“Fuck ‘em, fuck ‘em, fuck ‘em,” is not the kind of sentence typically found in one of Daniel Kitson’s storytelling outings; distinct from his ebullient electric club-honed stand-up it is his gentle exploratory whimsy that has made him a hit amongst theatre-goers. And yet here he is on stage, with large planes of fake glass from some unconstructed set languishing behind him, standing in front of a plain wooden table with a sheaf of notes, telling us “I am sick of the quiet fucking dignity of unwitnessed fucking lives”. And while explaining to us why he hasn’t got a show, he reveals a number of possibilities: his dressing up as a giant penis, teasing us with a staging consisting of “a fat man masturbating in a mirror”, employing a massive revolve and making it actually rain on stage, or producing a “pippet” show.
Except, as befits an artist of Kitson’s restless convoluting brilliance, the above is not as simple as a list of fantasy projects. As of 1.52pm… is something that might be explained as a reverse Kunstlerroman, a piece full of artistic self-excoriation and vertiginous auto-critique, where every utterance is couched in sufficient layers of fiction to smother Thomas Kyd forever, dampen the spirits of Tristram Shandy, blow the brains out of poor dear Charlie Kaufman.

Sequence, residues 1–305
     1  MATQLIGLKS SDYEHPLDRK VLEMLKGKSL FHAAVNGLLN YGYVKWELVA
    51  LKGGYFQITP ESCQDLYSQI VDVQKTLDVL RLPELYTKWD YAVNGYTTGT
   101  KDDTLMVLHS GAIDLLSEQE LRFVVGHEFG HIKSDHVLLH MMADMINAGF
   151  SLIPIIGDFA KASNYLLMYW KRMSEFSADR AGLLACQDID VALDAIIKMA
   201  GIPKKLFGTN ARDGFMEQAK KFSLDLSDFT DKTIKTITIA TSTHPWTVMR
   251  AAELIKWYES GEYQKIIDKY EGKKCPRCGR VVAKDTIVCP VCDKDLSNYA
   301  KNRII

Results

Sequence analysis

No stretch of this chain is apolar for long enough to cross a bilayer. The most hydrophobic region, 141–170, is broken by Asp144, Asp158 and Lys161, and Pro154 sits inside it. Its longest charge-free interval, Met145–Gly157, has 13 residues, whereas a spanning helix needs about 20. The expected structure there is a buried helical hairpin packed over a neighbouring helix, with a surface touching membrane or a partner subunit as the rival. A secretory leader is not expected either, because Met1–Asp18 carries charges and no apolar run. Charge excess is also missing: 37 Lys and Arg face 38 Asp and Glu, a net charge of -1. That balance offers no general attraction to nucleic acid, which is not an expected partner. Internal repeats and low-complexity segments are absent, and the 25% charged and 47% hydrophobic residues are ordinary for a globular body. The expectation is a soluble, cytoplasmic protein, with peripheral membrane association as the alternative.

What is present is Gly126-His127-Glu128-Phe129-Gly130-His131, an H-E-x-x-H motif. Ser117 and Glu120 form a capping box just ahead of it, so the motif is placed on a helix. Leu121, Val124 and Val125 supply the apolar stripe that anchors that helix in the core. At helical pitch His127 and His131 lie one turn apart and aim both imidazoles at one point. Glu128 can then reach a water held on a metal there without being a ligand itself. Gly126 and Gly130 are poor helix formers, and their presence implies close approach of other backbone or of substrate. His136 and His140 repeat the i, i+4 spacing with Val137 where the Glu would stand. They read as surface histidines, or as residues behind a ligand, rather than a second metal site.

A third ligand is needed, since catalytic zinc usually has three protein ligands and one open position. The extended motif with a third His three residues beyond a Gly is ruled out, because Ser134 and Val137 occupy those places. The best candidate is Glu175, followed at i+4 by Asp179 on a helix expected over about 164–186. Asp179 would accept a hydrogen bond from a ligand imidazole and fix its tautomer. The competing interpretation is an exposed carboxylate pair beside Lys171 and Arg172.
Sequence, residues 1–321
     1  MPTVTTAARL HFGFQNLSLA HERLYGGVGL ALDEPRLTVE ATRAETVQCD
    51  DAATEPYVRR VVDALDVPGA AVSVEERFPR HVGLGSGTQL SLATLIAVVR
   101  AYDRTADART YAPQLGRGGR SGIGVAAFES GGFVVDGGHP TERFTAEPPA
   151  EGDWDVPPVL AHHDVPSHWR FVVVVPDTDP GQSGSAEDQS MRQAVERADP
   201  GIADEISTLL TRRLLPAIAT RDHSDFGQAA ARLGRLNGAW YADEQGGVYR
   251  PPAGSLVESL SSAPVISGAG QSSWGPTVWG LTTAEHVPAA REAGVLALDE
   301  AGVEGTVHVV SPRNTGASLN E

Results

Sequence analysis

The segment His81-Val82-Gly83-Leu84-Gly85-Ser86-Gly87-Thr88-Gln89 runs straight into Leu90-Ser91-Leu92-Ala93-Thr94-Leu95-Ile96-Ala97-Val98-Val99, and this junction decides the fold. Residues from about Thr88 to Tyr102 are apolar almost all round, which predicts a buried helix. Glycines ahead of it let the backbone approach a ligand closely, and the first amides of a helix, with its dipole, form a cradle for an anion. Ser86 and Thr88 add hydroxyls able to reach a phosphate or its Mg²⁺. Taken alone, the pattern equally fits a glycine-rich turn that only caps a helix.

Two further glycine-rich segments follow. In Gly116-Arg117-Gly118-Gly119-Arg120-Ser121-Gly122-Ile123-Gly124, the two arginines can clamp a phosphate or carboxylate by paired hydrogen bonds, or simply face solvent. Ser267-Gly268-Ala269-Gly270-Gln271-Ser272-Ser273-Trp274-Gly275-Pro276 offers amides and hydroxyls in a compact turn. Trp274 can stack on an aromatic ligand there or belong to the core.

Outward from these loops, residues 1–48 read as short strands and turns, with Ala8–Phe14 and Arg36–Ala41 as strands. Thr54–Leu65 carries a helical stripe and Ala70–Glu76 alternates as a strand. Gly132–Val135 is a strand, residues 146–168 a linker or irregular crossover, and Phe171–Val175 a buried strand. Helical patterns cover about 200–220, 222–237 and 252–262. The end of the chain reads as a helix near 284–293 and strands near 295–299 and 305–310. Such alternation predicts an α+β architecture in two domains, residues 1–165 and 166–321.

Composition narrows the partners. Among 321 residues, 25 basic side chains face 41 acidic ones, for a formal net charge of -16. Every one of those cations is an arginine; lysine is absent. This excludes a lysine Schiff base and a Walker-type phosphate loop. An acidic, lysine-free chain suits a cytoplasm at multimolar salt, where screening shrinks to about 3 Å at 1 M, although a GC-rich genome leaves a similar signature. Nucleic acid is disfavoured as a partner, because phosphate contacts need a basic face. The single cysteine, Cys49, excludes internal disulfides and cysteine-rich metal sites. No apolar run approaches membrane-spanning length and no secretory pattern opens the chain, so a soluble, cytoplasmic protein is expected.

Dan is a character in the play Kitson is reading out, and he’s just mistyped “pippet” show while writing himself into a play with his friend Jen, to liven up their characters Max, an old man with a habit of labeling things, and Connie his sweet nurse, who themselves are embarking on writing a fabulous story of castles, hills and streams. And while Kitson is falling into scripted direct address in front of us, it’s when he begins to render this Daniel in the third person – up all night writing in stained pyjamas reassuring his lover over phone that Jen bears no relation to her at all – and when Dan and Jen begin to take agency in writing themselves out of the story, that this monumental tendrilous array of sparking capacitors, like the control board of some mythic power station, reaches full meta-fictional load.
If there is a level of literary torture-testing to this Synecdoche Edinburgh we are never left to blue screen. Indeed a typo that can occur two levels of fiction down and be corrected in the next is indicative of the way in which this sprawling, leavened, minutely judged piece is a thing of superhuman control in which events are given their full resonance, just as they are snatched away into the structure. You can see Kitson’s careful, quick process, retroactively fitting decisions and gathering such measured strides to bring us this gun-free inception, and it results in a magnificent burnished literary product.